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In the meantime, a few steps from him his lieutenant, Guéchamp, with a spyglass in his hand, was scrutinizing the horizon toward Parigné. Suddenly Guechamp exclaimed,—

"Ah! at last!"

This exclamation roused Gauvain from his reverie.

"What is it, Guéchamp?"

"Commander, there is the ladder."

"The escape ladder?"


"What? Hasn't it come yet?"

"No, commander. I was anxious about it. The express which I sent to Javené has returned."

"I know it."

"He announced that, in the carpenter's shop at Javené, he had found a ladder of the required length, that he had it requisitioned, that he had the ladder put on a wagon, that he obtained an escort of twelve horsemen, and that he had seen the wagon, the escort, and the ladder start for Parigné. After which he returned post haste."

"And gave us this report, and he added that as the wagon was drawn by strong horses, and started about two o'clock in the morning, it would be here before sunset. I know all that. Well?"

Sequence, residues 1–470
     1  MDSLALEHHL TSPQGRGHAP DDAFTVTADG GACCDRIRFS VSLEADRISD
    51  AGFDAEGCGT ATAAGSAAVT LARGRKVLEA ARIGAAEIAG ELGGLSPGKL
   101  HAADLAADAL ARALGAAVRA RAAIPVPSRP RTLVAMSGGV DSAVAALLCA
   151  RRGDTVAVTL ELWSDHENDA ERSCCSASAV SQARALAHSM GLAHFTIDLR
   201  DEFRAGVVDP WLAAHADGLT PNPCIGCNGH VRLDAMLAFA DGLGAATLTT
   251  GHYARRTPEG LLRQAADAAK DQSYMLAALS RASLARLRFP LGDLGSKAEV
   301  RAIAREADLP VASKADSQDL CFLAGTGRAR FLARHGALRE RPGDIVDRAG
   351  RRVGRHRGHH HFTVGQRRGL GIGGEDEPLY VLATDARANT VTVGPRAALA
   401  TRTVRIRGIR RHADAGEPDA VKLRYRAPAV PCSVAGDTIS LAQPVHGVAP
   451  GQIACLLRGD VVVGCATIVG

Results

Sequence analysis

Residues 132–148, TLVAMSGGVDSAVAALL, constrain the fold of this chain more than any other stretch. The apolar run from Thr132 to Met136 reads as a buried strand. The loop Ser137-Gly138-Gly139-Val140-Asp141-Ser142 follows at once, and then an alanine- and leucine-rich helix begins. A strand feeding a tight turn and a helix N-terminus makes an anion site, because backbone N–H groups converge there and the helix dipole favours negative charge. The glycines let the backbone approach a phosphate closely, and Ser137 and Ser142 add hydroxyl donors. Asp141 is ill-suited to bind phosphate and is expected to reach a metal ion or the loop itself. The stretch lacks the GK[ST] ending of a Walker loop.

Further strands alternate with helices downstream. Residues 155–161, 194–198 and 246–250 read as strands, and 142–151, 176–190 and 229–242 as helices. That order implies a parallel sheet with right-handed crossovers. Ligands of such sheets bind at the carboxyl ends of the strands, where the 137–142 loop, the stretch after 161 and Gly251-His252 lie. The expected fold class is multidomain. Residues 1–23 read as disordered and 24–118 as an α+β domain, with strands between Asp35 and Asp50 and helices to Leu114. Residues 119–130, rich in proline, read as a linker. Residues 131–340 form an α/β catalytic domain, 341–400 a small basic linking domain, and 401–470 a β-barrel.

"Well, commander, the sun has just set and the wagon with the ladder has not yet come."

"Is it possible? Nevertheless, we must begin the attack. The hour has come. If we delay, the besieged will think we are retreating."

"Commander, you can begin the attack."

"But we must have the escape ladder."

"Of course."

"But it is not here."

"It is here."

"How is that?"

"That is why I said, 'Ah! at last!' The wagon had not come; I took my spyglass and examined the road from Parigné to la Tourgue, and, commander, I am satisfied. The wagon is yonder with the escort; it is coming down the slope. You can see it."

Gauvain took his spyglass and looked.

"To be sure. Here it is. There is not enough daylight left to make it all out. But I see the escort; that is